REVIEW: There’s nothing sweet about ‘Home Sweet Home Alone’

I’d rather watch “Jingle All the Way.”

Pam (Ellie Kemper) and Jeff (Rob Delaney) are a married couple facing some adversity during the Christmas season. Jeff is between jobs and it means they may have to sell their house, a home they both love. Their financial issues have a potential solution, though, as they have an antique which could sell for a lot of money.

However, during a chance encounter, they believe the antique fell into the hands of a kid named Max (Archie Yates). Around the same time, it turns out Max has been left home alone, with his family leaving for vacation. While it seems great at first, Max becomes worried when Pam and Jeff start snooping around, as the couple has hopes to get the antique back.

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REVIEW: ‘King Richard’ can please crowds but could have been more

The Prince of Bel-Air has ascended to a higher monarch level, now having the title of king.

Will Smith is Richard Williams in this new sports drama, the father of tennis greats Venus (Saniyya Sidney) and Serena Williams (Demi Singleton) who had the nickname of King Richard in Compton, Calif. The film begins with Richard helping his daughters with tennis practices, and making an effort to find them a professional coach, as he knows their potential.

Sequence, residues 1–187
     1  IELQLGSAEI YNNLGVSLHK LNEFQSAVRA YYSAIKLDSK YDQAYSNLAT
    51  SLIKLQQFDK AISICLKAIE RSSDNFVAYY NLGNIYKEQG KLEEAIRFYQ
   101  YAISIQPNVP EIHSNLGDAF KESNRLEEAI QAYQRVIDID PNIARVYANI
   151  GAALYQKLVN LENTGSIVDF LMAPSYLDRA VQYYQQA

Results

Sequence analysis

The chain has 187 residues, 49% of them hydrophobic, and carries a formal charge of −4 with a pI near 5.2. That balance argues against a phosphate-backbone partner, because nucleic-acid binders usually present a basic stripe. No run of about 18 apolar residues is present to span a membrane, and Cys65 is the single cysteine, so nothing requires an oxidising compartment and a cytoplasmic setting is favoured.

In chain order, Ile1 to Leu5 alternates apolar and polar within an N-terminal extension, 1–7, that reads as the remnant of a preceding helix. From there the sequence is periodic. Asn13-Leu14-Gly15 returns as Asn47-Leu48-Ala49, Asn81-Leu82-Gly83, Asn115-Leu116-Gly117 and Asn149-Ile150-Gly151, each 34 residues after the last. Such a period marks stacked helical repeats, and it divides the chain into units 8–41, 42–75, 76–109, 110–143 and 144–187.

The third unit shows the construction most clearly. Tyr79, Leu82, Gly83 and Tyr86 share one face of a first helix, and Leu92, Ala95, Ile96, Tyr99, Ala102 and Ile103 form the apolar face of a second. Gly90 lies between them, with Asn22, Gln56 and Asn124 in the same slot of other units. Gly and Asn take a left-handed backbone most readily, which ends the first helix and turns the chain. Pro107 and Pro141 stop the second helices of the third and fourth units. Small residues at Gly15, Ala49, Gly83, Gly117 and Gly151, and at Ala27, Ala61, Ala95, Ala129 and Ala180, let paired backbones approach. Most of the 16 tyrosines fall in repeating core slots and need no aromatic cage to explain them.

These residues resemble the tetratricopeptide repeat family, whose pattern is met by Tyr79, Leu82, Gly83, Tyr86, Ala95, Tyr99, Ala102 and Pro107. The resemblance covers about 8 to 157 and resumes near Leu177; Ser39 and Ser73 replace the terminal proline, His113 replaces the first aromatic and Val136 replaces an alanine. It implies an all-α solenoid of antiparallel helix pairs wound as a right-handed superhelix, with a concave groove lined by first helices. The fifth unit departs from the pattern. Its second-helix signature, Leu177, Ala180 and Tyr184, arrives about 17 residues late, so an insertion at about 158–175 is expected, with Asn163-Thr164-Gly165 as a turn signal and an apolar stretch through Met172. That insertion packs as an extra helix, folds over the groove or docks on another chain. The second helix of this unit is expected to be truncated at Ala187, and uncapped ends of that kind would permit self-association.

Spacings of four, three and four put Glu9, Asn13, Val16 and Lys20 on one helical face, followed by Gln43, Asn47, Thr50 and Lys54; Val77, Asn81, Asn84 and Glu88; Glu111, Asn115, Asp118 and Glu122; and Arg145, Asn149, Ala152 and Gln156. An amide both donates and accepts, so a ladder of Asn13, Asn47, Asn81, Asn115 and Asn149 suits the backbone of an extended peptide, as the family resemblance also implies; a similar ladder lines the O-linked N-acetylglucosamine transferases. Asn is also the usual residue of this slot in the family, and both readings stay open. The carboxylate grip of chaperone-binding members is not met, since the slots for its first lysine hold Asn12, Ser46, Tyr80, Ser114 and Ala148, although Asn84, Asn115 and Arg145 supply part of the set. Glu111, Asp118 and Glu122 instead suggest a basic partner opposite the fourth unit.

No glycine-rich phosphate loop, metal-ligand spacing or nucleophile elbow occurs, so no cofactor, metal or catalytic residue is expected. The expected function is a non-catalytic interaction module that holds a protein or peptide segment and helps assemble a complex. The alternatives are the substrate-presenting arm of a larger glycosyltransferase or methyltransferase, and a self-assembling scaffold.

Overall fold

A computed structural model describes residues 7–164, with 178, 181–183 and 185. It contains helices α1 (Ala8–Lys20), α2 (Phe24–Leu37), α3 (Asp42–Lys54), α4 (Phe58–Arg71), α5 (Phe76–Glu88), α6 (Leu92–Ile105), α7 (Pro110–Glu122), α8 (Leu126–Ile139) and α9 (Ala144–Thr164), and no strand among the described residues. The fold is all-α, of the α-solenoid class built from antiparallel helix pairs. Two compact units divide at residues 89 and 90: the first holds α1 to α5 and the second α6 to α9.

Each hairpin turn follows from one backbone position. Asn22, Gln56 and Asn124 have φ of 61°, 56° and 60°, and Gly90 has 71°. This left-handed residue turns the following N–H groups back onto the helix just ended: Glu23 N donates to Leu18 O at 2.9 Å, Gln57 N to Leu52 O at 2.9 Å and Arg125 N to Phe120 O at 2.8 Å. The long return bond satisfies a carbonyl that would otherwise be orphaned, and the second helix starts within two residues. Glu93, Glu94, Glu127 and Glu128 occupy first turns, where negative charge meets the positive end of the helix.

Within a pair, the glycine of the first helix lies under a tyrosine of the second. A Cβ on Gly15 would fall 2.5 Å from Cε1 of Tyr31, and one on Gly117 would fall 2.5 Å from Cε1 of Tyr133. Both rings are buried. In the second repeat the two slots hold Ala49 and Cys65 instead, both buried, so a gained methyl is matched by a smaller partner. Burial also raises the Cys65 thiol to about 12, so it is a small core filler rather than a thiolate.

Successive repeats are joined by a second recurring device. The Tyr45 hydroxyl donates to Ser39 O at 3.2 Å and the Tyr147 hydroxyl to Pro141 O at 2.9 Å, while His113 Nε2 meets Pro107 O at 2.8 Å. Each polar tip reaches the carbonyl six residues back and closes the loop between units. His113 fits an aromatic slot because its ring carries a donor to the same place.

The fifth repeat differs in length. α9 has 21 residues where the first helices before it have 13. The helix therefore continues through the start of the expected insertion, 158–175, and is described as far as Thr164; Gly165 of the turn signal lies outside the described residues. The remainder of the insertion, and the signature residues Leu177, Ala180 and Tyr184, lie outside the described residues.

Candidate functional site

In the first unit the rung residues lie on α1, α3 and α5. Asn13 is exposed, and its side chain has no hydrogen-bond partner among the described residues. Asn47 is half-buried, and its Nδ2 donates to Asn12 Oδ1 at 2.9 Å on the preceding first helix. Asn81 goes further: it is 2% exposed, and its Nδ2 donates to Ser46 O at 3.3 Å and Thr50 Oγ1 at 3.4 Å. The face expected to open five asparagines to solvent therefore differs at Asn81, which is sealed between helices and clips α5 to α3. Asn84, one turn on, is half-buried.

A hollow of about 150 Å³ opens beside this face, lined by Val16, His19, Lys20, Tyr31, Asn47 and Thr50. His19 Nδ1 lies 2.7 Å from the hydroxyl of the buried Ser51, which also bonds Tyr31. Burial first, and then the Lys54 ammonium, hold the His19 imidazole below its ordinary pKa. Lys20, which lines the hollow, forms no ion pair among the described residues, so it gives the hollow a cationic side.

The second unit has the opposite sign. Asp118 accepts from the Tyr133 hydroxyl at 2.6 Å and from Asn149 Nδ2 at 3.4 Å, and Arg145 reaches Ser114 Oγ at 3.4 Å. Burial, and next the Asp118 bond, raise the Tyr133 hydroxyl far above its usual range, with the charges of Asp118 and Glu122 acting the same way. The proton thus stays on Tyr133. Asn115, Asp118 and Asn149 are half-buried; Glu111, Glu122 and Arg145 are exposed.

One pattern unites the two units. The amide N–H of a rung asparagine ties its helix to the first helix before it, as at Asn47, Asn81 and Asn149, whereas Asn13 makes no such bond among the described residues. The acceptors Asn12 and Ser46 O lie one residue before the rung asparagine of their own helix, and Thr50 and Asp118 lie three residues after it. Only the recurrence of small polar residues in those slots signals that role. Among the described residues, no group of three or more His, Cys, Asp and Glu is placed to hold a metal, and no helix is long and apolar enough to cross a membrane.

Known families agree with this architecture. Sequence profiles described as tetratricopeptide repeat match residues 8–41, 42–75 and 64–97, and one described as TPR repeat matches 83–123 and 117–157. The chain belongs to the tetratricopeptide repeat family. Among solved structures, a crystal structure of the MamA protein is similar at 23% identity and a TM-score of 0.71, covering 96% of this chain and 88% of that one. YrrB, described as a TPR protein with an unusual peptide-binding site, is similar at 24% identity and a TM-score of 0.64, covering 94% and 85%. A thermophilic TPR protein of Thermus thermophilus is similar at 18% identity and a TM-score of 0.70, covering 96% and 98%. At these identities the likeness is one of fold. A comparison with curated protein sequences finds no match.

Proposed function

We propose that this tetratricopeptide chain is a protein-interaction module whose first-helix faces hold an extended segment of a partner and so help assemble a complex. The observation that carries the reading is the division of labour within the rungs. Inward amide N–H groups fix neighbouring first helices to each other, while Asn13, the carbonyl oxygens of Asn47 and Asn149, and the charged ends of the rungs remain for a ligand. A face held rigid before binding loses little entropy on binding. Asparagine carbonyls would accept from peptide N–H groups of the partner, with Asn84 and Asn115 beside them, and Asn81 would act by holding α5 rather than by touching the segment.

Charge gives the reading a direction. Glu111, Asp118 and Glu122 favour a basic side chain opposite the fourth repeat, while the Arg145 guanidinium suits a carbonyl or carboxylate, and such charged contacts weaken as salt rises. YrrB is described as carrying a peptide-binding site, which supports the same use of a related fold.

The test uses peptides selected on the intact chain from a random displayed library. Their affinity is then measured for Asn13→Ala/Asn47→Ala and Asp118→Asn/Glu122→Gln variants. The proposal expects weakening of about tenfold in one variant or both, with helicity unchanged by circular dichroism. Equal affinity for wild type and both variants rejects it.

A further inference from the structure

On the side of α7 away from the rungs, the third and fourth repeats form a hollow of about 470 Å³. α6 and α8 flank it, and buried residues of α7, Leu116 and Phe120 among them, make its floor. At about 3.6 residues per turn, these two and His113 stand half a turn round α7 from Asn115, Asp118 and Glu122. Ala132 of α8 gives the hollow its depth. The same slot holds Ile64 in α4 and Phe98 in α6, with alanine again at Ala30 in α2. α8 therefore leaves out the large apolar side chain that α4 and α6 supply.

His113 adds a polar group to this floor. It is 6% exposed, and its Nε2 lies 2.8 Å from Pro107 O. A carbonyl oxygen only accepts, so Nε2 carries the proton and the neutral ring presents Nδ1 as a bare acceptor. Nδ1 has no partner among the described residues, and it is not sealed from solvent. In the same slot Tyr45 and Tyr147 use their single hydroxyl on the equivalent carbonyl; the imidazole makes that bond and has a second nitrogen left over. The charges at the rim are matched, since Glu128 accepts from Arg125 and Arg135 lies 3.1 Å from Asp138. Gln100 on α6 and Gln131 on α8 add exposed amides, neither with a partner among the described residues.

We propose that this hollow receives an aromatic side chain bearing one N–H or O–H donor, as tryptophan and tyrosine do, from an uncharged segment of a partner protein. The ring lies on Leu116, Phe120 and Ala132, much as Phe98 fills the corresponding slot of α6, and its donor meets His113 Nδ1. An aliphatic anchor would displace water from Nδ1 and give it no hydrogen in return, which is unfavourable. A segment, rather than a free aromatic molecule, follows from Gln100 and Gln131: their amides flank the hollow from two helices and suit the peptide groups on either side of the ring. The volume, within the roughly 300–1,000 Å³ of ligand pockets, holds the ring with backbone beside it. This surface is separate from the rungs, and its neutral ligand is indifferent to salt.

From there, the movie follows how Richard worked to advance his daughters’ talents, while also halting their careers from advancing too fast. The movie also explores how Richard got along with Venus’ coaches and his marriage with Oracene Williams (Aunjanue Ellis).

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REVIEW: Lead performance and fun adventure push ‘Afterlife’ above average

Unlike the 2016 “Ghostbusters,” which was a reboot, this latest film serves as a direct sequel, set decades after the events of the 1989 picture.

The movie introduces viewers to Callie (Carrie Coon), the daughter of Dr. Egon Spengler, and her two children, Phoebe (Mckenna Grace) and Trevor (Finn Wolfhard). At the movie’s outset, Dr. Spengler passes away and the death notice is sent to Callie. After the update, Callie and her kids travel to rural Oklahoma, where Spengler left a farmstead to his family.